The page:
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Rivera-Millares. Éthique de la réparation

Mayoral is pleased to present its fourth exhibition at its Paris gallery: Rivera-Millares: Ethics of Reparation.
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Rivera-Millares. Éthique de la réparation


Mayoral is pleased to present the first retrospective that brings together the artists Manuel Rivera (1927-1995) and Manolo Millares (1926-1972). Rivera-Millares. Éthique de la réparationwhich will be on view in Paris from 14 January to 3 April, 2021, offers an entirely new and intimate dialogue between two artists who rank among the most representative of Post-War Spain. First shown in Paris, the exhibition will later travel to our Barcelona gallery where additional works will be on view.



186 B
Manuel Rivera, Composición 8, 1957
Mixed media (wire mesh, wire and metal) on iron stretcher
100 x 72.5 cm
186 B
Manolo Millares, Cuadro 64 (3), 1959
Mixed media on burlap
129.5 x 162 cm
186 B
Manuel Rivera, Metamorfosis, 1959
Mixed media (wire mesh and wire) on wood stretcher
130 x 89 cm

186 B
Manolo Millares, Cuadro 186, 1962
Mixed media on burlap
130.2 x 97.8 cm



Memories of the Material
Rivera and Millares, in an Untimely Country
Carles Guerra


〔…〕When we approach the works of Manuel Rivera (Granada, 1927 – Madrid, 1995) and Manolo Millares (Las Palmas de Gran Canaria, 1926 – Madrid, 1972), more than 50 years after their respective public appearances, we feel that they too established themselves outside history and in an untimely manner. This is an essential quality when it comes to understanding them. Nevertheless, it is a condition lost after so many years circulating in international museums and collections, this having certified them as modern artists.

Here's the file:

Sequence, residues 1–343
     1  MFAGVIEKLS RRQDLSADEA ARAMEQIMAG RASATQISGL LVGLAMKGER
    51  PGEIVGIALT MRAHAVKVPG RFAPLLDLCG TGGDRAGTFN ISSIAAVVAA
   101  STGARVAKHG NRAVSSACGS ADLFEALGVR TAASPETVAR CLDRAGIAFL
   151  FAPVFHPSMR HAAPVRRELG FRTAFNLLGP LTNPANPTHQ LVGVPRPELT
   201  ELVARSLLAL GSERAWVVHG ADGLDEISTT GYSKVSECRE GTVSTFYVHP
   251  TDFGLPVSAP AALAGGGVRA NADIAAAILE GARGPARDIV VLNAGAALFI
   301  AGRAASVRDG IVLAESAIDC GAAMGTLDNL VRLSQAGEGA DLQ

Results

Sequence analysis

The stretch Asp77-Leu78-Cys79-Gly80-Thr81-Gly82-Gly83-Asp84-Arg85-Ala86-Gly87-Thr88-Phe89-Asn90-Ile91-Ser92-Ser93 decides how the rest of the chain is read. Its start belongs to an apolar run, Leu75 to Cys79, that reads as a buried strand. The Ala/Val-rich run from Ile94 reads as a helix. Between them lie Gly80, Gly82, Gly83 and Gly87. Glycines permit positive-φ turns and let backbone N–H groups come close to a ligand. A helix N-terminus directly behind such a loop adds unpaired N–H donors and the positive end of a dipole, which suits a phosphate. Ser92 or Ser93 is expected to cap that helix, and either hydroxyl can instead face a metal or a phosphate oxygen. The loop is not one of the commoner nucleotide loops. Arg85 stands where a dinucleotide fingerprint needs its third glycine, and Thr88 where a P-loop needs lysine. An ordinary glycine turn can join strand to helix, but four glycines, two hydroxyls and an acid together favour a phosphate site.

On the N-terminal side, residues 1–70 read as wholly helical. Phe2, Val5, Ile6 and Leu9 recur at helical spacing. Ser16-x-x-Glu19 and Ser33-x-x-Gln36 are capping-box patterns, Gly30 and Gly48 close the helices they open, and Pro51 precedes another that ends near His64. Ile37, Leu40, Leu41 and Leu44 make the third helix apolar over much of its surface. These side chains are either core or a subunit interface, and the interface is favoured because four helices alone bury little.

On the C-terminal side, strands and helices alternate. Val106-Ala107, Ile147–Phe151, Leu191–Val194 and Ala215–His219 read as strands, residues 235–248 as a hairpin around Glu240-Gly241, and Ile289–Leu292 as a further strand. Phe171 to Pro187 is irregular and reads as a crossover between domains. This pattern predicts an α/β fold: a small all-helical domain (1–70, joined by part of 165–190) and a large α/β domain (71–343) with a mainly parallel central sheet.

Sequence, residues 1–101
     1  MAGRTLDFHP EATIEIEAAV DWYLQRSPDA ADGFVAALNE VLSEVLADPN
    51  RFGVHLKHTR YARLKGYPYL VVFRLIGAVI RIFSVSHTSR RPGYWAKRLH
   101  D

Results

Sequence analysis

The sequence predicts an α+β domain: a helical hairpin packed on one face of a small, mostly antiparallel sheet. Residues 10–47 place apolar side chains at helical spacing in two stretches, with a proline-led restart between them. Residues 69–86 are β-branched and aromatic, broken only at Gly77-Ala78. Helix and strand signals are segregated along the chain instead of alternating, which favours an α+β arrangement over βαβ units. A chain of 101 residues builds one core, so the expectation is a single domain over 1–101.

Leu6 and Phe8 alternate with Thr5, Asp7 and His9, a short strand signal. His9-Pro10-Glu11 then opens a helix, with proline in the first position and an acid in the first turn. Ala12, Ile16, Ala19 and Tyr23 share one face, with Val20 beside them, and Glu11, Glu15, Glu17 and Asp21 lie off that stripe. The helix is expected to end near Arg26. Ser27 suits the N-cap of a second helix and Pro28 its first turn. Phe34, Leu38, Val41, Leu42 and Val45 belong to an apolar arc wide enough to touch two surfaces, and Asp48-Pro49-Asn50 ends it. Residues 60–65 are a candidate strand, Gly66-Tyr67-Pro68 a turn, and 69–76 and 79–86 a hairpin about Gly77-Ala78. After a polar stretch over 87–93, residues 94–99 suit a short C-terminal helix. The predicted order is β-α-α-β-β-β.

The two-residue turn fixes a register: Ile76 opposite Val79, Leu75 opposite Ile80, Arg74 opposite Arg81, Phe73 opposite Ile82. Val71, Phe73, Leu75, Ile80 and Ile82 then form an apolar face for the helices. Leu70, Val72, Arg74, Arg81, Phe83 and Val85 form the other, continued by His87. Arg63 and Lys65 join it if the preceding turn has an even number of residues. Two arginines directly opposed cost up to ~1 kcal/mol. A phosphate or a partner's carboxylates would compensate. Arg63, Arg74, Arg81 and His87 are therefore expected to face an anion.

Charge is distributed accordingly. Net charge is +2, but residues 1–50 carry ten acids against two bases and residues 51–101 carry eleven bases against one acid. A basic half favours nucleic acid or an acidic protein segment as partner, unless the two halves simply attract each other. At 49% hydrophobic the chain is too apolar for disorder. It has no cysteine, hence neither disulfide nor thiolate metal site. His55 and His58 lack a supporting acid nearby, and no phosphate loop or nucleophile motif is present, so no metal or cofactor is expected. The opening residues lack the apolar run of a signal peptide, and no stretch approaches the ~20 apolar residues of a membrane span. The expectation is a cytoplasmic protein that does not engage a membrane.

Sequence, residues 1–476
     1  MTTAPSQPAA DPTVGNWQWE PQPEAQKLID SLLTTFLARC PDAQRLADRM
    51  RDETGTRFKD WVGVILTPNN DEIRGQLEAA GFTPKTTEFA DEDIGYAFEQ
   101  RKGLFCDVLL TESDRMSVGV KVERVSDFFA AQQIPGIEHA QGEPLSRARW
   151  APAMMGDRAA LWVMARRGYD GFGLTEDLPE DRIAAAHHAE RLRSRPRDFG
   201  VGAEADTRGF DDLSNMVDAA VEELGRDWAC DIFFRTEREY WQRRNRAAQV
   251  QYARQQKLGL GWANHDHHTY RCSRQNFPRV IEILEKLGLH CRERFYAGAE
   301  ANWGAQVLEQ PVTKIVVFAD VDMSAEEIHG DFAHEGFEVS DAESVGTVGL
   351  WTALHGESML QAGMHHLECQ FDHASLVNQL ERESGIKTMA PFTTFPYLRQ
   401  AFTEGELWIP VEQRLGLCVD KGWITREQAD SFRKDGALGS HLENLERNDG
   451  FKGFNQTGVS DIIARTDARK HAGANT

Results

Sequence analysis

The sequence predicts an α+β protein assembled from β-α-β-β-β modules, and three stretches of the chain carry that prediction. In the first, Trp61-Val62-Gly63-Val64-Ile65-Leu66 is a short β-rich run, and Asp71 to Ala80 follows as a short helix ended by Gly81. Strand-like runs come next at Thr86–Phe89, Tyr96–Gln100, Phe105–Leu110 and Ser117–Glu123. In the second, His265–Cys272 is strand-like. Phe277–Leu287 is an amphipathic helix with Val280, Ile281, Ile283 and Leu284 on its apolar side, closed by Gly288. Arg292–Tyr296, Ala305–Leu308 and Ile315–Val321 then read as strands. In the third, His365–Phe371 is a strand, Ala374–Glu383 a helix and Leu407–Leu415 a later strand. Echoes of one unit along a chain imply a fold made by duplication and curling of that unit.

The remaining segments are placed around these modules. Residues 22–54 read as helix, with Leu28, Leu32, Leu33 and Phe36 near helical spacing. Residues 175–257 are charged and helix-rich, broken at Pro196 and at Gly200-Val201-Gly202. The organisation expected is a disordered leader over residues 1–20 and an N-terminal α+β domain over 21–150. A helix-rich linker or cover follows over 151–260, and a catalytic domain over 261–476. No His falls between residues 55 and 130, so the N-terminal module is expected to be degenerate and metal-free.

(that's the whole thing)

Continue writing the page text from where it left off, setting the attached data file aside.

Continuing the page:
To gain a precise idea of the context of Rivera and Millares we need to place them side by side. We need to compare them not only with each other, but seeking a broader framework. They both emerge at the beginning of the 1950s in a dual postwar period, following the Spanish Civil War and the Second World War. Any display of modernity was unlikely in those conditions. Franco’s Spain unequivocally denied freedom of public expression. Even so, these two artists consolidated their position in a short space of time. They both became representatives of a singular abstraction which enjoyed an enthusiastic international reception.  However, they soon obtained a recognition which was not free from contradictions. The IV Bienal do Museo de Arte Moderna of São Paulo, Brazil, held in 1957, was the scenario for this emergence. On that occasion, Millares and Rivera displayed a genuinely modern type of work. Its differential aspects arose, to a large extent, from the iconic nature of the materials and from an ambiguous identity as regards painting… keep reading



Carles Guerra (Amposta, 1965) has pursued a career in art criticism, teaching and research. He has been director of Primavera Fotogràfica, director of the Virreina Centre de la Imatge, chief curator at MACBA Museu d’Art Contemporani de Barcelona and, from 2015 through 2020, executive director at Fundació Antoni Tàpies. His main line of research has often delved into dialogical practices, in the field of both art and visual culture. Critical pedagogies, documentary practices and the working conditions of cultural production under Post-Fordism have been a predominant subject in his many publications. He has been associate professor at Universitat Pompeu Fabra and faculty member at the Center for Curatorial Studies, Bard College. On top of a vast number of monographic exhibitions devoted to individual artists such as Perejaume, Joaquim Jordà, Xavier Ribas, Ahlam Shibli, Art & Language, Allan Sekula, Susan Meiselas, Harun Farocki, Oriol Vilanova and Ariella Aïsha Azoulay, he has curated projects like 1979. A Monument to Radical Instants and Antoni Tàpies. Political Biography. These last two projects responded to an ongoing commitment to rethink the legacy of modernism from a perspective that urges us to articulate a potential history of our past.